Today's News

  • Nominations sought for FSA

     Kentucky’s USDA Farm Service Agency State Executive Director John McCauley wants to remind farmers and landowners that local Farm Service Agency county committee nominations continue through Aug. 1.

    To be eligible to serve on an FSA county committee, a person must participate or cooperate in a program administered by FSA, be eligible to vote in a county committee election and reside in the local administrative area in which the person is a candidate.

    To become a candidate, an eligible individual must sign the nomination form, FSA-669A.

  • Lock construction key to opening up Ky River

    By Kevin Wheatley

    The State Journal

    The gates at Lock 4 are being repaired as part of an ongoing project to reopen more than 60 miles of the Kentucky River from Frankfort to the Ohio River.

    The Kentucky River Authority is using $4 million in excess construction funds for repairs at locks 1, 2, 3 and 4 within the next two years, according to KRA Executive Director Jerry Graves.

    The project will open 64 miles of the river from Frankfort to Carrollton boat traffic, Graves said.

  • New law to protect agritourism operators, participants

     A new state law will provide Kentucky agritourism destinations with limited liability protection when it takes effect on July 11.

    The law requires venues such as wineries, orchards, and corn mazes to warn visitors that they are assuming the risk of participating in the activities of the operation. The law, filed as House Bill 440, was passed by the General Assembly and signed into law earlier this year.

  • Celebrating the Red, White and Blue
  • Renschler, Baker join to light up events with fireworks


    The News-Democrat Intern

    If you were one of the approximately four to five thousand people who turned out on the Fourth of July for fireworks, you saw John Renschler’s pyromania first hand.

    Renschler met Mark Baker in 2006, close to when Baker opened his business Freedom Fireworks.

    Since then, John has worked on firework shows for about 20 years for various companies, including Summer Blast in Somerset.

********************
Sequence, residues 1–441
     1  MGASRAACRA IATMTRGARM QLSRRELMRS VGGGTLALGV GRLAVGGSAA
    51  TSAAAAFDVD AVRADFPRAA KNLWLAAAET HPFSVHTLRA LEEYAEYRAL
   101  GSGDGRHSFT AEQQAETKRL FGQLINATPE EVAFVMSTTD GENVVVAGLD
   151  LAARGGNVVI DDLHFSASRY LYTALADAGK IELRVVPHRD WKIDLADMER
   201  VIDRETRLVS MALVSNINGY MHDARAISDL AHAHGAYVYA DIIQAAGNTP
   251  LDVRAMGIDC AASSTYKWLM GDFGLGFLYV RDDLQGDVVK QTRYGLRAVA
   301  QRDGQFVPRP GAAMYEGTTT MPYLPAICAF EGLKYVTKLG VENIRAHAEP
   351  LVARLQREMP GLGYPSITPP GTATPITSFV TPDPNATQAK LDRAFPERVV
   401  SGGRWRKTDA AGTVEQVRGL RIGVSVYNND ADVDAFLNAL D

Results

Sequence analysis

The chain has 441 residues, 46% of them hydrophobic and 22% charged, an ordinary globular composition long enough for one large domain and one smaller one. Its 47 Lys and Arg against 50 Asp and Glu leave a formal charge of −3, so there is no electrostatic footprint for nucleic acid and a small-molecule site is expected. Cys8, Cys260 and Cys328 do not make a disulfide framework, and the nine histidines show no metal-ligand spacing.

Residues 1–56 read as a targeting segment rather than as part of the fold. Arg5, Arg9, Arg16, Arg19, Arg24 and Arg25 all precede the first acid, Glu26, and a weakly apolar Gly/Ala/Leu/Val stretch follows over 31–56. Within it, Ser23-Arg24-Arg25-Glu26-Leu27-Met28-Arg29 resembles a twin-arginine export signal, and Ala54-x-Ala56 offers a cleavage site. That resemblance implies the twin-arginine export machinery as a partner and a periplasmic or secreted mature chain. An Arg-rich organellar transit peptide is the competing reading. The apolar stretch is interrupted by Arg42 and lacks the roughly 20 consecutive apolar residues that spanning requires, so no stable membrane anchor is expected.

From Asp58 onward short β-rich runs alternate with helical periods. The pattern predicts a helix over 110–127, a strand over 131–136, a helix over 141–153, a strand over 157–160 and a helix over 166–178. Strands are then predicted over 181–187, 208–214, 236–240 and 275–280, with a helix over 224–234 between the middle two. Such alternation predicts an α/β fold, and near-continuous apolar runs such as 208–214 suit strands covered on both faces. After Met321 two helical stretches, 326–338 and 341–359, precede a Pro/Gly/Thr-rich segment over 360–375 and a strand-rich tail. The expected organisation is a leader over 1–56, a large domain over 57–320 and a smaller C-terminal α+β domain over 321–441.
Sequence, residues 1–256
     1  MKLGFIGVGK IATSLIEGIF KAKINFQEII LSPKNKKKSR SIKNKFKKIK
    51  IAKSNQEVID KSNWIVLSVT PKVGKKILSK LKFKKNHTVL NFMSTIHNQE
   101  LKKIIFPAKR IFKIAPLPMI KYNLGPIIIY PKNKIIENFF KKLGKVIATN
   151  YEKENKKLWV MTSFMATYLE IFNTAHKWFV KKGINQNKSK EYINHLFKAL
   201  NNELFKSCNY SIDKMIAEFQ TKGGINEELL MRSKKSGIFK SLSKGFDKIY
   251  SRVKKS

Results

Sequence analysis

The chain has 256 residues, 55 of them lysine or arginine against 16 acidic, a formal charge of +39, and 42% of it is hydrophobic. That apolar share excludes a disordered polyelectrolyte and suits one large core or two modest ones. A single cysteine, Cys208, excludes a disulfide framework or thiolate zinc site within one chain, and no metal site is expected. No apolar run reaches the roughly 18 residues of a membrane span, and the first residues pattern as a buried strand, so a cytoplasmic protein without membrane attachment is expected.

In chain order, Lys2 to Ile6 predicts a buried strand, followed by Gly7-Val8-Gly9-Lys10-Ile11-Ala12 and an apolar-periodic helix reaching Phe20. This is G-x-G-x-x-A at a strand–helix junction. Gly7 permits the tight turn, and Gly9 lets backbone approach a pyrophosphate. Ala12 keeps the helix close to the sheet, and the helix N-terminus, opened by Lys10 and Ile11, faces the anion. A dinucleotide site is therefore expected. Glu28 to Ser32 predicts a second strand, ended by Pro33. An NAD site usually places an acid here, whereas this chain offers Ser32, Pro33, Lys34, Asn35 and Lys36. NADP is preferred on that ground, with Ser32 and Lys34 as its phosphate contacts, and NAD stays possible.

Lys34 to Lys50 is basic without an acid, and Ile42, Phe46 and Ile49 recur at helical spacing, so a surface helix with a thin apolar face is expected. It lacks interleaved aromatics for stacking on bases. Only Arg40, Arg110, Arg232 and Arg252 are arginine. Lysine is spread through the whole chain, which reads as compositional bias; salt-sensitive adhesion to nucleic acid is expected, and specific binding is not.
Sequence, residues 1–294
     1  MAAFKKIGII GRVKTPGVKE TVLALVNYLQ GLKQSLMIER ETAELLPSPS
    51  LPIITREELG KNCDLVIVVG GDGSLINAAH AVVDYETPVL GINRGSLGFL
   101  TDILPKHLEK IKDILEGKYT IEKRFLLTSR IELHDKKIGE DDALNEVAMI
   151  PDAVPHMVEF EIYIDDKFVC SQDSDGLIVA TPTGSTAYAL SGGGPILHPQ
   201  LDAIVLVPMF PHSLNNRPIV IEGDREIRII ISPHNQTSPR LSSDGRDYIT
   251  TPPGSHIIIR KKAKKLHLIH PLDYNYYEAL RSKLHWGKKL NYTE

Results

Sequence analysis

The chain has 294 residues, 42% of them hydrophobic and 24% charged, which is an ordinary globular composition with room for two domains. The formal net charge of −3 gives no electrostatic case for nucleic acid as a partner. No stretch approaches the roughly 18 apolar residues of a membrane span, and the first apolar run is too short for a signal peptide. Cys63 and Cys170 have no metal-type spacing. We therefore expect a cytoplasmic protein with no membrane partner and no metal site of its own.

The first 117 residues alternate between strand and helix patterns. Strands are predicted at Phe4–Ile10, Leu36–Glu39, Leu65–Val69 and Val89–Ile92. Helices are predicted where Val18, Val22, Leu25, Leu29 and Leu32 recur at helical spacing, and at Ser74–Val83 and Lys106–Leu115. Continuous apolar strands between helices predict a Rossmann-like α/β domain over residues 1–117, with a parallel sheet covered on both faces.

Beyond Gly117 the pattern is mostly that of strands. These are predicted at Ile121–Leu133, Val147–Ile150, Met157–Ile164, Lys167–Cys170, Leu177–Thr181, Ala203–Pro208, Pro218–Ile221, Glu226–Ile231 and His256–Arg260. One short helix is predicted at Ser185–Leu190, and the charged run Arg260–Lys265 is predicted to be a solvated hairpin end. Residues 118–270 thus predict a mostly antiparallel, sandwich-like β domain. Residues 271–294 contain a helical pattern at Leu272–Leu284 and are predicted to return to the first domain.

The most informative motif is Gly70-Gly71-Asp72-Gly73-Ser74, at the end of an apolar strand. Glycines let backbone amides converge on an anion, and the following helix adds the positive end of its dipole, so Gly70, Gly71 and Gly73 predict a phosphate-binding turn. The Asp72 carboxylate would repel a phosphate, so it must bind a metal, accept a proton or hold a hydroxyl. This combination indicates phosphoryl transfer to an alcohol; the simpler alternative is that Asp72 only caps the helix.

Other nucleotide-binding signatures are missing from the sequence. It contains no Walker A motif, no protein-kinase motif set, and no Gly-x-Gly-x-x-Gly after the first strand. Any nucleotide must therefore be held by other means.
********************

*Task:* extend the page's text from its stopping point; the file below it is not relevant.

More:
• Cattle at risk of nitrate poisoning during extreme drought

     Due to the extreme drought conditions throughout Kentucky, it is important to be aware of nitrate poisoning that may occur as a consequence of nitrate accumulation in certain forages.  

    Nitrate concentrations tend to be higher at the base of the plants and higher in the stalks than the leaves.

    Grains, seeds and leaves do not accumulate significant nitrate levels.

    Plants with high stem-to-leaf ratios are the most likely to cause nitrate intoxication. 

  • Ghent P&Z names new zoning administrator

    Despite the chairman’s resignation and the failure of the mayor and city commission to appoint a zoning administrator, Ghent’s Planning and Zoning Commission resolved last week to continue to get the city’s work done.

    Karen Browning was elected chairman to replace Rusty Whisman, who submitted his resignation from the commission on May 24 to Mayor William Mumphrey. Browning, who was chairman in 2011, will serve out the remainder of Whisman’s term through December.

  • Extension office provides yoga class, youth sewing camp

     This Saturday, July 14 is the first session of a series of four Saturday morning Yoga classes to be held at the Extension office. Each class will run from 9-10 a.m. which gives you the rest of Saturday for yourself.

    The instructor is Carol Romero who has been practicing Yoga for over 15 years and is a Certified Yoga instructor with the Royal School of Yoga. This week’s topic is “Yoga for Managing Stress”.

  • New clinic offers drug treatment for opiates

    A new clinic opening in Carroll County puts those addicted to opiate medications, such as OxyCotin, morphine and heroin, on a path to recovery.

    SelfRefind is scheduled to see its first patients July 21 above the new Kentucky Urgent Care center located at 329 Floyd Dr.

  • Kentucky Court of Appeals declines to block release of child abuse records

     By Beth Musgrave

    Lexington Herald-Leader

    FRANKFORT — The Kentucky Court of Appeals declined Monday to halt the release of thousands of pages of documents about children who were killed or seriously injured from abuse and neglect.

    In a 2-1 decision, the Court of Appeals denied the Cabinet for Health and Family’s Services motion for a stay, pending the outcome of an appeal of a lower court’s order to release the documents.